Yep: missing it twice.
I received as meager consolation the sense of genuine arrival as a parent, as I watched myself nobly sacrifice my own joy in the best interests of the chlidren. Because their happiness and well-being is my own. The girlie, no longer feverish, went off to see the last Sing-Along Sound of Music screening with the parent she doesn’t have enough time with these days. Even though I’m one who has been muttering “High on a hill was a lonley goatherd” in my sleep for weeks. Ole dime-a-dozen, familiar as the wallpaper, primary caregiver Baba.
And alas, there was no leaving the little brudder behind with a babysitter. He simply couldn’t resist (a) getting the sister’s cold, and (b) topping her version of it — which featured fever, congestion, and sleeplessness — with that thing that only babies do so well, the cough-induced hurl. Hourly. It was a job fit for a parent.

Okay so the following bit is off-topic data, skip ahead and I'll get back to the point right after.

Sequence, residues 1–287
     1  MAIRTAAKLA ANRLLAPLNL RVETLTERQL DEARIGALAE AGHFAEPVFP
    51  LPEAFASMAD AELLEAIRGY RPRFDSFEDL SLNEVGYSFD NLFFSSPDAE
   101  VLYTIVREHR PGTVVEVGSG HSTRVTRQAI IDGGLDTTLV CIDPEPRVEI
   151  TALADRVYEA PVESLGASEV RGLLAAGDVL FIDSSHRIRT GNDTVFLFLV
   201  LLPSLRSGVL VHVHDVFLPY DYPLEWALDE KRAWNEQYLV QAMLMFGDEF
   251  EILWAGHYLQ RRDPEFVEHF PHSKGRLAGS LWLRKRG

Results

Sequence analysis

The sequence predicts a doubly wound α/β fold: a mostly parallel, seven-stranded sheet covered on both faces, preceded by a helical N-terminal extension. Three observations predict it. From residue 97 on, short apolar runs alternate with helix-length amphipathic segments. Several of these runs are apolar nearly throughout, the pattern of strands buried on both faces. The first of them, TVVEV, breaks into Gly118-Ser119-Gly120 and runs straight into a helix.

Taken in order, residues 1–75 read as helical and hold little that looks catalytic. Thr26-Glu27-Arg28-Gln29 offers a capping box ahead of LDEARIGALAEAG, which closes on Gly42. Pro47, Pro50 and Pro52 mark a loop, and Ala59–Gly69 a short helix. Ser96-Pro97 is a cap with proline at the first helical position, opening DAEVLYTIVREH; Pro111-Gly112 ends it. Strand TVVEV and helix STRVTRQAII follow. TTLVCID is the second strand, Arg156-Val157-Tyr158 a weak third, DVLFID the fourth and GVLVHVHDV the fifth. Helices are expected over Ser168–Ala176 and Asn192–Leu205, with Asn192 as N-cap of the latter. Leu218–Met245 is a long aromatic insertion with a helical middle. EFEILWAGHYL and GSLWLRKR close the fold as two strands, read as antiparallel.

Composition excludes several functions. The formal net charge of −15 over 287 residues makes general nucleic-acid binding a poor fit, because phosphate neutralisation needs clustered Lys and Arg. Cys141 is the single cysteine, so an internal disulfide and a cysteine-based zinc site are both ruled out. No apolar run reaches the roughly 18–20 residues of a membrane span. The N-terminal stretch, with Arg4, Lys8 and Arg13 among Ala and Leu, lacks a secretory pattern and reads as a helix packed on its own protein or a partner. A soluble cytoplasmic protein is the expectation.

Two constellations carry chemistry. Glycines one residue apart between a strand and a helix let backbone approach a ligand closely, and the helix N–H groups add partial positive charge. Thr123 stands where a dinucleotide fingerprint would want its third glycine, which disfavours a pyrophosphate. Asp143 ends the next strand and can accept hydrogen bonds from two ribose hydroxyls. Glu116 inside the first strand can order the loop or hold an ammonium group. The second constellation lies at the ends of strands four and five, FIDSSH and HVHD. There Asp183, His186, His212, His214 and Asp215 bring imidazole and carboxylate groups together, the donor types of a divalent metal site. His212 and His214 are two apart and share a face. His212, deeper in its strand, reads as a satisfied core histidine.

Above: When The Bee Stings gets her nose wiped by her lovey-dovey Auntie R, before forging out.
The beloved caved into my whimpering and took the camera along to help me see what kind of fun they got up to, which included a raucous and highly participatory theater filled with as many adults as kids, and a costume contest. Our intrepid first-time movie-goer was among the youngest there that day, and I believe the only one masquerading as a member of the insect order Hymenoptera.
Of course the filmic highlights included “Doe, a Deer,” and kids traipsing around in damask curtains (pictured above). At least Maria, unlike Carol Burnett’s Scarlett O’Hara, had the good sense to remove the curtain rod before dressing the kids (yes, that link’s none other than the famed Gone With the Wind sketch — watch for three and a half minutes to get to the legendary moment, and be rewarded with prime time sketch comedy genius).
At the end of the first act, there were proper good-byes (pictured above). And one act was enough for our little bee, since the whole shebang was ever so stimulating, and the full bloom of her health was only just returning to her.
So long, farewell, I’ll watch the film next year. By then, I’m sure, it’s sure to still be dear.